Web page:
Formation of the triphenylmethane anion
A carbanion is an anion in which carbon is threevalent (forms three bonds) and bears a formal negative charge in at least one significant mesomeric contributor (resonance form). Absent π delocalization, carbanions assume a trigonal pyramidal, bent, or linear geometry when the carbanionic carbon is bound to three (e.g., methyl anion), two (e.g., phenyl anion), or one (e.g., acetylide anion) substituents, respectively. Formally, a carbanion is the conjugate base of a carbon acid:

where B stands for the base. A carbanion is one of several reactive intermediates in organic chemistry. In organic synthesis, organolithium reagents and Grignard reagents are commonly regarded as carbanions. This is a convenient approximation, although these species are almost always multinuclear clusters containing polar covalent bonds rather than true carbanions.

Carbanions are typically nucleophile and basic. The basicity and nucleophilicity of carbanions are determined by the substituents on carbon. These include

Geometry also affects the orbital hybridization of the charge-bearing carbanion. The greater the s-character of the charge-bearing atom, the more stable the anion.

Organometallic reagents like butyllithium (hexameric cluster, 6) or methylmagnesium bromide (ether complex, MeMgBr(OEt)2) are often referred to as "carbanions," at least in a retrosynthetic sense. However, they are really clusters or complexes containing a polar covalent bond, though with electron density heavily polarized toward the carbon atom. Methyl anion and its chemistry have been observed in the gas phase. However, the electron affinity of methyl radical is –2 to –8 kcal/mol, so that gas-phase methyl anion spontaneously decomposes by ejection of an electron, and a true "salt" of CH3 is unlikely to be isolable. (Even the highly ionic and "salt-like" methylcesium has non-negligible covalent character.) In the condensed phase only carbanions that are sufficiently stabilized by delocalization have been isolated as truly ionic species. In 1984, Olmstead and Power presented the lithium crown ether salt of the triphenylmethanide carbanion from triphenylmethane, n-butyllithium and 12-crown-4 (which forms a stable complex with lithium cations) at low temperatures:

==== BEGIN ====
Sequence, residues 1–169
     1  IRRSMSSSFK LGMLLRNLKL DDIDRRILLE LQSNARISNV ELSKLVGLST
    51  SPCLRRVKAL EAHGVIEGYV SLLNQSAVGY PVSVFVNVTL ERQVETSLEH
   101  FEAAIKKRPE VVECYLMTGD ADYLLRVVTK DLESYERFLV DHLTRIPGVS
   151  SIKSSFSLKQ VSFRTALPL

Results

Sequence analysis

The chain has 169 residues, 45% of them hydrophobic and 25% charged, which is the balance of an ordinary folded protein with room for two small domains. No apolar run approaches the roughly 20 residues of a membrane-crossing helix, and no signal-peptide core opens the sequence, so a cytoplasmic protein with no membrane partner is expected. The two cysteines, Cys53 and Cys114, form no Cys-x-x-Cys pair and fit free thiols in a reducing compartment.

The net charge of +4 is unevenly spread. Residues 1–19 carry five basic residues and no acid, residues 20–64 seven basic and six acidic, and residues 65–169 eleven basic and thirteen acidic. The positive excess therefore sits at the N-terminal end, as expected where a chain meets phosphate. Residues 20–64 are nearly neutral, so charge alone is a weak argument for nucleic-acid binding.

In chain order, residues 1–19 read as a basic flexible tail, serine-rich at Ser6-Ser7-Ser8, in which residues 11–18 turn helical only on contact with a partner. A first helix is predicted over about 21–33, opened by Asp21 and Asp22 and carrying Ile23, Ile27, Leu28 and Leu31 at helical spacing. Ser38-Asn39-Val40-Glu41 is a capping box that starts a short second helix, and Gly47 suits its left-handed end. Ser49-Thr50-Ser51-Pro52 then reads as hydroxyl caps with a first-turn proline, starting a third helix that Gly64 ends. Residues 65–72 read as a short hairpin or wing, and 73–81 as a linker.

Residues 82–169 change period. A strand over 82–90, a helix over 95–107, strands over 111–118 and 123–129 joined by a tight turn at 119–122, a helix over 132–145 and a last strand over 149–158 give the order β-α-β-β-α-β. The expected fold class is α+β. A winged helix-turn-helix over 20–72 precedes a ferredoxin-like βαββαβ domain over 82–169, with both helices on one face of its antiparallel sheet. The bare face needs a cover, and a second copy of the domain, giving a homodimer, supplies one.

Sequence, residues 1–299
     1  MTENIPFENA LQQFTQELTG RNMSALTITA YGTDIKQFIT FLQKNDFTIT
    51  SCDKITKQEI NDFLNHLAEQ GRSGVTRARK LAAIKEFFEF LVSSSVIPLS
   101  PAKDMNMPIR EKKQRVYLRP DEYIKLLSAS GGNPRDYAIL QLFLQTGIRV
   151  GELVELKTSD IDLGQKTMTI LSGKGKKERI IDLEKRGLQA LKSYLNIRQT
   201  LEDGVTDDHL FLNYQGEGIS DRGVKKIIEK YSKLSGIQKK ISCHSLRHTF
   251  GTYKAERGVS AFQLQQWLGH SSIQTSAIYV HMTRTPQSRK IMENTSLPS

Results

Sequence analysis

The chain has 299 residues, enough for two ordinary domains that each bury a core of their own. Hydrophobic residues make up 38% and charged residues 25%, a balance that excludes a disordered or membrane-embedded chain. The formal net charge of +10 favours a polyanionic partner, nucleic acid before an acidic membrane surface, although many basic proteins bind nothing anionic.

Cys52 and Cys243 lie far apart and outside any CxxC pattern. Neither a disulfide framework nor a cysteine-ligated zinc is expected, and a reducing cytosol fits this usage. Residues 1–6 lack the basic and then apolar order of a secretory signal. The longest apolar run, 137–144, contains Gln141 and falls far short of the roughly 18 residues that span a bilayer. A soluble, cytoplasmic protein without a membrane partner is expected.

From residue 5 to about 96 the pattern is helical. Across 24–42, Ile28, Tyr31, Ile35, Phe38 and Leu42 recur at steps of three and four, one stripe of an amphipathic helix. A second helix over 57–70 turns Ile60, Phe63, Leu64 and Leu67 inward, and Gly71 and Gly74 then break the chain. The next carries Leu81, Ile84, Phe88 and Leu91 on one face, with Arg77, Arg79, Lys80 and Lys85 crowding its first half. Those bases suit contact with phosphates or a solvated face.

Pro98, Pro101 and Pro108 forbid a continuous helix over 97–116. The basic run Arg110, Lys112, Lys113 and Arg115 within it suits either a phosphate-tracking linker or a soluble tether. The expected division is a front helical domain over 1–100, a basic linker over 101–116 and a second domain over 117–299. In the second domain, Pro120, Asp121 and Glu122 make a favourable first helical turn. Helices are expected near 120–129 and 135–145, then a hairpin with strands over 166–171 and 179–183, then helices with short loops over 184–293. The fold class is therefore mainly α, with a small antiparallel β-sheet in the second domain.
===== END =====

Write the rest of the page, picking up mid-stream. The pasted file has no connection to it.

Adding n-butyllithium to triphenylmethane (pKaDMSO(CHPh3) = 30.6) in THF at low temperatures followed by 12-crown-4 results in a red solution and the salt complex + precipitates at −20 °C. The central C-C bond lengths are 145 pm with the phenyl ring propelled at an average angle of 31.2°. This propeller shape is less pronounced with a tetramethylammonium counterion. A crystal structure for the analogous diphenylmethanide anion (+), prepared form diphenylmethane (pKaDMSO(CH2Ph2) = 32.3), was also obtained. However, the attempted isolation of a complex of the benzyl anion from toluene (pKaDMSO(CH3Ph) ~ 43) was unsuccessful, due to rapid reaction of the formed anion with the THF solvent.

This page was last edited on 14 June 2018, at 05:42 (UTC).
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